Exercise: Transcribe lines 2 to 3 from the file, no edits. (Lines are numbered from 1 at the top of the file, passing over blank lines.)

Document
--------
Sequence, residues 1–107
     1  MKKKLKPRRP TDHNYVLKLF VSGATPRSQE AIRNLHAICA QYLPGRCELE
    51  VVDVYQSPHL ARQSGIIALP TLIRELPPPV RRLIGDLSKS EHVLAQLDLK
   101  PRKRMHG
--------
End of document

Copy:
     1  MKKKLKPRRP TDHNYVLKLF VSGATPRSQE AIRNLHAICA QYLPGRCELE
    51  VVDVYQSPHL ARQSGIIALP TLIRELPPPV RRLIGDLSKS EHVLAQLDLK